The pace of single-family starts posted a slight gain in August, albeit over downwardly revised estimates of the rate of July construction. Nonetheless, the three-month moving average for single-family starts is at a post-recession high of 849,000 as the gradual recovery in home building continues.
Total starts declined almost 1% in August to a 1.180 million seasonally adjusted annual rate, according to the joint data release from the Census Bureau and HUD. The headline decline was due to multifamily production decreases, although the July multifamily reading was revised upward from a 299,000 pace to 352,000.
Single-family starts increased, rising slightly to an 851,000 seasonally adjusted rate in August. However, this gain was recorded over a downwardly revised estimate for July, initially reported as 856,00 and lowered to 838,00. The February annualized rate, 877,000, was the fastest monthly pace since the Great Recession. Single-family starts are up almost 9% year-to-date compared to 2016 as limited existing inventory and solid builder confidence make for positive market conditions.
Single-family permits declined slightly in August, falling 1.5%. However, on a year-to-date basis, single-family permits are nearly 11% higher compared to this time in 2016, representing an additional 54,400 permits for a total of 564,000 thus far this year. These data are consistent with recent trends in the NAHB/Wells Fargo measure of single-family builder confidence and NAHB’s forecast of modest single-family construction growth in 2017. However, we can expect volatility ahead, as the counties affected by Hurricanes Harvey and Irma represent about 14% of national single-family production. The HMI was down in the most recent reading on overall concerns with respect to hurricane-related delays.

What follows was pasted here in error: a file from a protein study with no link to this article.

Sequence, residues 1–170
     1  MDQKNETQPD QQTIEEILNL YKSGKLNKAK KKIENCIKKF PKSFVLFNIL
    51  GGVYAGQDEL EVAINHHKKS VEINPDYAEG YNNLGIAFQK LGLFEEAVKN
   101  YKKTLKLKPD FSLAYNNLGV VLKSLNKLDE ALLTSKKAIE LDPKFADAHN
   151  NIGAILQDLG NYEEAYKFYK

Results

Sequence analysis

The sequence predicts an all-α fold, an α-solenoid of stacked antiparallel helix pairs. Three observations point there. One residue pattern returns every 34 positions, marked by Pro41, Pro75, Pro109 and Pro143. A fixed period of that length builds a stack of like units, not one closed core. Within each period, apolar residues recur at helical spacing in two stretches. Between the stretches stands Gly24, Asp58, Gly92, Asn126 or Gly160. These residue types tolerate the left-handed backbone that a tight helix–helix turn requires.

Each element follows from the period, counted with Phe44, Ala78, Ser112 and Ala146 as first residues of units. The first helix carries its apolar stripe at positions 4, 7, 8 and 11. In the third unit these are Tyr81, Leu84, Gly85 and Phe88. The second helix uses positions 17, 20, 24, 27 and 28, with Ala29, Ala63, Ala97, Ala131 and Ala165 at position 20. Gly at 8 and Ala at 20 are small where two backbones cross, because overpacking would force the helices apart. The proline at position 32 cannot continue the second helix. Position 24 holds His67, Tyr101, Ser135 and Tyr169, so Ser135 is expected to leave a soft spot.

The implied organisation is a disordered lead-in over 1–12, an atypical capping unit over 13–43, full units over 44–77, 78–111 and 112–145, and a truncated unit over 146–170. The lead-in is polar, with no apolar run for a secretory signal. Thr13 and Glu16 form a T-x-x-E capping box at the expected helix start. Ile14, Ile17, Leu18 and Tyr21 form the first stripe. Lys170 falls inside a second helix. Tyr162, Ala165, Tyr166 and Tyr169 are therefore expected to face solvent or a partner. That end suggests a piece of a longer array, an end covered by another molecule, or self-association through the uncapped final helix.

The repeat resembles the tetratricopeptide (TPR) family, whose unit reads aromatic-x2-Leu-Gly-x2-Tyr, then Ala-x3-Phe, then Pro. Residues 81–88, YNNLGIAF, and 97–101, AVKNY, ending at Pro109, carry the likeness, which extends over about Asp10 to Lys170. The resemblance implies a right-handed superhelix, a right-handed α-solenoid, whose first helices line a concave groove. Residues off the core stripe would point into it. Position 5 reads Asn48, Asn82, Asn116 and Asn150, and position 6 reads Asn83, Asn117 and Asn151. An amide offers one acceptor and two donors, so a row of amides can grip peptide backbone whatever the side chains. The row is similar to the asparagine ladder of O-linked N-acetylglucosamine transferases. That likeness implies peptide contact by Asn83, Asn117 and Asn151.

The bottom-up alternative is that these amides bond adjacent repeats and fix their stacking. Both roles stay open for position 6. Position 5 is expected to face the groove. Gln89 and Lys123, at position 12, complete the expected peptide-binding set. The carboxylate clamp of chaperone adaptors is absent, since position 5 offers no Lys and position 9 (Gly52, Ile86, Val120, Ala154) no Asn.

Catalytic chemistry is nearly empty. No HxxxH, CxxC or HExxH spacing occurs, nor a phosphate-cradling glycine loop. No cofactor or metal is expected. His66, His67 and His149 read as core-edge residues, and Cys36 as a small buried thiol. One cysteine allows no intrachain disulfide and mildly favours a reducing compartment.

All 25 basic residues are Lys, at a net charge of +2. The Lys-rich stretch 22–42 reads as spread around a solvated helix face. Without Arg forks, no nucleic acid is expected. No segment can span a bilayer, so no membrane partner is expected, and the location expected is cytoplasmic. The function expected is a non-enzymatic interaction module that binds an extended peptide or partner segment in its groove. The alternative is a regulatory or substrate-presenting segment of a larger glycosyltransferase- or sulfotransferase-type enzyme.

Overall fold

Multifamily starts declined in August from an upwardly revised July estimate, as the market seeks a balance between supply and demand. Multifamily starts were down almost 7% in August and five-plus unit production is down 10% on a year-to-date basis. This decline is somewhat larger than forecast. However, multifamily permits jumped in August, resulting in the year-to-date permit total actually being 1% higher than 2016. On the whole, the current data continue to confirm that 2015 was the peak year in this cycle for multifamily construction starts.
With respect to housing’s economic impact, 56% of homes under construction in August were multifamily (610,000). As noted in the graph above, with recent production declines for apartments, the current count of multifamily units is effectively unchanged from a year ago. There were 472,000 single-family units under construction, a gain of 11% from this time in 2016.